May 2015


The beach described below.

The beach described below.

We were sitting with friends on the little beach beyond the long stretch of white sand at Rangiputa late one sunny Sunday afternoon.  Two of us had been swimming in the refreshing crystalline waters. We’d laid out a tarp and were picnicking, sharing thin slices of Peter Niepel’s delicious organic sourdough bread (procured by our friends at Kerikeri’s Saturday market) topped with local organic avocado, cucumber and courgette (purchased at the Kaitaia Farmers market).

I’d been sharing stories from Mary Ralph’s compilation of Doubtless Bay’s fishing community’s memories of the past. One such recollection was of the shark hunts in the Rangaunu Harbour and of the subsequent drying of the shark carcasses to provide Maori with a year-long food supply. Those days are long gone but I did see a two-metre-long shark cruise past me the year before while wading near this same beach.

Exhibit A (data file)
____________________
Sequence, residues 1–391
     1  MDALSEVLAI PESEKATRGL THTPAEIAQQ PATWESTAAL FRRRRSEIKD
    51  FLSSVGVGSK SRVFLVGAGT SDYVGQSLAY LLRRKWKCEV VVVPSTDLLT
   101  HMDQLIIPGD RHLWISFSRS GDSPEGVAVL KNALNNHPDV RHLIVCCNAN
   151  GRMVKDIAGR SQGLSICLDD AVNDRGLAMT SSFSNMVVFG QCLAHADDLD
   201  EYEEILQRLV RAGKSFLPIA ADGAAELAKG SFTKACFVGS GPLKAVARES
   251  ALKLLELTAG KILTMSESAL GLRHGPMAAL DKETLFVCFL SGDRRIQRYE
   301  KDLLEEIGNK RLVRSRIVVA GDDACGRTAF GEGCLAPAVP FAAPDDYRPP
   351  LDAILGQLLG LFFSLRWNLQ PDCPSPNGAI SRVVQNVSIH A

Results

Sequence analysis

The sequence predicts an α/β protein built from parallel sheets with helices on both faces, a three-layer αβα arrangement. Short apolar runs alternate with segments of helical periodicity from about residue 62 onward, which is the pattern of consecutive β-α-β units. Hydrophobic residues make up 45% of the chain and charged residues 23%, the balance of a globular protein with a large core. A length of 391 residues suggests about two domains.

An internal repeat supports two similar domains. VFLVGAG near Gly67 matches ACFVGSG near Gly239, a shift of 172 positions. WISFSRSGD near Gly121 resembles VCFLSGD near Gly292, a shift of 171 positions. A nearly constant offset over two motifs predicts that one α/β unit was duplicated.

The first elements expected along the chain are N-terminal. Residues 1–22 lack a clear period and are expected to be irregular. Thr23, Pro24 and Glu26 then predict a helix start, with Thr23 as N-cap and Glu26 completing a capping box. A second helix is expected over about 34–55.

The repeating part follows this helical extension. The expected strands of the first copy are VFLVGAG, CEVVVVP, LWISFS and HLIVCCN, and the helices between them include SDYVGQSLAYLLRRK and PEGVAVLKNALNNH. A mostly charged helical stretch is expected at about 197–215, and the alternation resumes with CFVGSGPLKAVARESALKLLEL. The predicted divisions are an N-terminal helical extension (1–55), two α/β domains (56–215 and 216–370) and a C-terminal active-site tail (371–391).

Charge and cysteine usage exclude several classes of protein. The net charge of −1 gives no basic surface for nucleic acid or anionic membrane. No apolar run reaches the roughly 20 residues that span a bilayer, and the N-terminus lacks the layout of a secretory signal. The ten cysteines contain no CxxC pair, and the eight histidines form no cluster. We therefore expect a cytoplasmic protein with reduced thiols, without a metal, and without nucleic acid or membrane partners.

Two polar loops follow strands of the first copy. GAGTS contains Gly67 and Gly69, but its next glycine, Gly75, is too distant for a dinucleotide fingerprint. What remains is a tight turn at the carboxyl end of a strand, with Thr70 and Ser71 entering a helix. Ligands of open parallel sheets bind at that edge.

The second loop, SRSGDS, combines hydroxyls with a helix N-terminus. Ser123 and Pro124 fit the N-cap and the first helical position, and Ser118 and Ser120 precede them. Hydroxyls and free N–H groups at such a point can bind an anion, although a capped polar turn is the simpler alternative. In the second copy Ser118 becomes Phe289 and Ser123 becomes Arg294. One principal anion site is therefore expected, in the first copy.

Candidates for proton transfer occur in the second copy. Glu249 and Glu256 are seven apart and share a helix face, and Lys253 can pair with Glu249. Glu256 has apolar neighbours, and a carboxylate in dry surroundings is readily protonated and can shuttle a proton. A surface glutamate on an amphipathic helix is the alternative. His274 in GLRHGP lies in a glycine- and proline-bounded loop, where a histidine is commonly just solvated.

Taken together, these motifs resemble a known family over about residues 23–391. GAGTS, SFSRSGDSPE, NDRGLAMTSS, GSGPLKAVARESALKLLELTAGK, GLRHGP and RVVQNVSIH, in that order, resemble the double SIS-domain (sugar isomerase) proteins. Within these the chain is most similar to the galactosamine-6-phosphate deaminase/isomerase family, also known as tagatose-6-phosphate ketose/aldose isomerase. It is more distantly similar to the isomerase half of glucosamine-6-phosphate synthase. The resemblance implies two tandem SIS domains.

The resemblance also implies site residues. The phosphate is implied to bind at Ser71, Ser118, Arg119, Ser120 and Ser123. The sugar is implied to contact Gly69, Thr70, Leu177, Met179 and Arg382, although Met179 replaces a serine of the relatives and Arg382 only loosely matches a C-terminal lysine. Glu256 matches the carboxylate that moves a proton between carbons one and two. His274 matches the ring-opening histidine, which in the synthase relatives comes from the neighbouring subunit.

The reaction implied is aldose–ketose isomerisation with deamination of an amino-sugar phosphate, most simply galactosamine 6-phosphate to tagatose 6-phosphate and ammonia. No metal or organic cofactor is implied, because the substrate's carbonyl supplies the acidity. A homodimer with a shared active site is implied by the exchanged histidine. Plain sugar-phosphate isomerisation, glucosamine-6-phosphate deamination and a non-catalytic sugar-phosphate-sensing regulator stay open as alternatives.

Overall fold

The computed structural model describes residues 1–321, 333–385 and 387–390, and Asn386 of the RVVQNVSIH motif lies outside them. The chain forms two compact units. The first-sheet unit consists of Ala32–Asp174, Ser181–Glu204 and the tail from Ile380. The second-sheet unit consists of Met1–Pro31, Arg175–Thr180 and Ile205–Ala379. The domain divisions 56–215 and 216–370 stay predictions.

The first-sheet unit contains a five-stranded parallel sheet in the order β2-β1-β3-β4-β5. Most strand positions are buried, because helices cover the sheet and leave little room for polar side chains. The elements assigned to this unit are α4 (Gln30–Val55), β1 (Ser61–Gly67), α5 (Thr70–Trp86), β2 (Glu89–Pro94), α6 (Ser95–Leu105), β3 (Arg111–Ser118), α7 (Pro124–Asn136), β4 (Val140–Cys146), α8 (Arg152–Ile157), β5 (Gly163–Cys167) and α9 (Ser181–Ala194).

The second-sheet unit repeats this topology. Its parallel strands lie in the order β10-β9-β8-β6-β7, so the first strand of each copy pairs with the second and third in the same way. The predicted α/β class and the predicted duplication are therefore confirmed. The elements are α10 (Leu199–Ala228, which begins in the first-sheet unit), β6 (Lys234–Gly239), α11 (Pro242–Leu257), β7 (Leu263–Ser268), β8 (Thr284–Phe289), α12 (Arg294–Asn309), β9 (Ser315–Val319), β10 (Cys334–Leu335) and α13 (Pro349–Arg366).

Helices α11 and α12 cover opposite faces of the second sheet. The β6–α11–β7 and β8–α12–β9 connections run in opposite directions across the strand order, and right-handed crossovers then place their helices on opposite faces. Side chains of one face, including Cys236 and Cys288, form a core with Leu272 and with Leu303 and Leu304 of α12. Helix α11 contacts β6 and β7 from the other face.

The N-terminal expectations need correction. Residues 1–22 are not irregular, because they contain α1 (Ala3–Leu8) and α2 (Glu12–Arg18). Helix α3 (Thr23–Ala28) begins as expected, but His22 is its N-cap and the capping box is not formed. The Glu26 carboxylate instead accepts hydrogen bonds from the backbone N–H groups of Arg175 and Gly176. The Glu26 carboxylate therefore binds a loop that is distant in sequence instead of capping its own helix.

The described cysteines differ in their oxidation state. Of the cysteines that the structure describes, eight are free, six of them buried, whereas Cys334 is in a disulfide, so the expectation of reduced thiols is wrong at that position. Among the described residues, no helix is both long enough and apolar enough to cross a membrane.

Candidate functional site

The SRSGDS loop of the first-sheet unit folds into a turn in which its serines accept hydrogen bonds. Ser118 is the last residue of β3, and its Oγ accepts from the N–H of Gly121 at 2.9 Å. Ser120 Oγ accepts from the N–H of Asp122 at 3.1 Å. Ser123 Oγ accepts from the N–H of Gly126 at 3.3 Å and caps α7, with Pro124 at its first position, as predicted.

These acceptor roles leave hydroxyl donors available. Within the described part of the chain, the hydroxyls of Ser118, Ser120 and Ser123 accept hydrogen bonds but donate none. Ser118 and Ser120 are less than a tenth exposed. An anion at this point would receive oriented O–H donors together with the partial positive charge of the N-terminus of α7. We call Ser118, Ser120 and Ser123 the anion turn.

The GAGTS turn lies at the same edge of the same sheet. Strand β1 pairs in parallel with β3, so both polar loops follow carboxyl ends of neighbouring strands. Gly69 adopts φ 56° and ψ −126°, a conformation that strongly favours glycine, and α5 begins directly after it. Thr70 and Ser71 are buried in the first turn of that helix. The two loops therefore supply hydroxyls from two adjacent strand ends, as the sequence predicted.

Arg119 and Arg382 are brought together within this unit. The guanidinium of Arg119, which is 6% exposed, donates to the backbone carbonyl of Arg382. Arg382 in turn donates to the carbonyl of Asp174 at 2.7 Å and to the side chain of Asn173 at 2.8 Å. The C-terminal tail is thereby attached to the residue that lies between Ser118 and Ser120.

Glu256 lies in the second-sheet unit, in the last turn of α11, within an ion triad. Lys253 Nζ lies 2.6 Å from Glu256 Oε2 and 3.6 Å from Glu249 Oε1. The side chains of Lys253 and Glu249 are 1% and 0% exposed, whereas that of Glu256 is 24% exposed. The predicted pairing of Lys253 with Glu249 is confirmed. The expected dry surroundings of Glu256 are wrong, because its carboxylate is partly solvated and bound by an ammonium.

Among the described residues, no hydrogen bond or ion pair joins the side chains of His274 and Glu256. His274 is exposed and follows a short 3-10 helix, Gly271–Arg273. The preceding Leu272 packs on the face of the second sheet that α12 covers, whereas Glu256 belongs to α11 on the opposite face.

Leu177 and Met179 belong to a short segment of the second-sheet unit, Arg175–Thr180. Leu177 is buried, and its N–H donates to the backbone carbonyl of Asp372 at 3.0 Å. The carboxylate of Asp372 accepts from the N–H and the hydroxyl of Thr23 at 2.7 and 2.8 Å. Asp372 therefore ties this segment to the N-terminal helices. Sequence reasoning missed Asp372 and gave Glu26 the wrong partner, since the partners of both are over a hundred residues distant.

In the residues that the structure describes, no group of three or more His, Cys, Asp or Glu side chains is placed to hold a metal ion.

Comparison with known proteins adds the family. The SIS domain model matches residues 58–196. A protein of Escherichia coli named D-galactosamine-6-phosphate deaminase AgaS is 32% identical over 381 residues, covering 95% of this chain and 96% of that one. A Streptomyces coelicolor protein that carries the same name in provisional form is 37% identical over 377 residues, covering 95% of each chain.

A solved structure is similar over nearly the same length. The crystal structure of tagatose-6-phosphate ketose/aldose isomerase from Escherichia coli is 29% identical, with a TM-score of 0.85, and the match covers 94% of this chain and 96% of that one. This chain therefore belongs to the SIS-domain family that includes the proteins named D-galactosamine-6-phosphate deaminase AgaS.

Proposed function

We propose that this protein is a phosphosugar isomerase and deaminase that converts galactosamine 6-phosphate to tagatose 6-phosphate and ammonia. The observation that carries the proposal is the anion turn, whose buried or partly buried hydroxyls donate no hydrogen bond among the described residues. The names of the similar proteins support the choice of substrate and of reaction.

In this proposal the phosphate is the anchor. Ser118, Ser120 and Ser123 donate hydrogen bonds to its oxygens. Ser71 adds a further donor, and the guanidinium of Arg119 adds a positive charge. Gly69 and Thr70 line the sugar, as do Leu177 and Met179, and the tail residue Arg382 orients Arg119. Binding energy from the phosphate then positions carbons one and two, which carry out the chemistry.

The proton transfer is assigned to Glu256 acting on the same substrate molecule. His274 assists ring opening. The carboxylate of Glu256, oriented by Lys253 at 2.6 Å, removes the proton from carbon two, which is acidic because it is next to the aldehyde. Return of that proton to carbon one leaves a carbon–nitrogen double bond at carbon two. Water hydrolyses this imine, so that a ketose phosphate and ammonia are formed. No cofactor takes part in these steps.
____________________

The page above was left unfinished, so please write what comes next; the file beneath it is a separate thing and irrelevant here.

Our friends shared the true tale of a friend of theirs in America. He was driving alone on a remote country road. He noticed something small and moving on the road and stopped to investigate. He was intrigued to find two mice slowly making their way across the road. They each held opposite ends of a tiny twig in their mouths. ‘What are they up to?’ he wondered, bending down for a closer look. It was then he noticed the one mouse was blind.

I’m reminded of the very special Seattle Special Olympics 100 yard dash in 1976. At the sound of the starting gun, all nine contestants started off in their own way, making their best effort to run down the track toward the finish line. That is, except for the one young boy who stumbled soon after his start, tumbled to the ground and began to cry. Two of the other racers, hearing the cries of the boy who fell, slowed down and looked back at him. Then without hesitation, they turned around and began running in the other direction—toward the injured boy.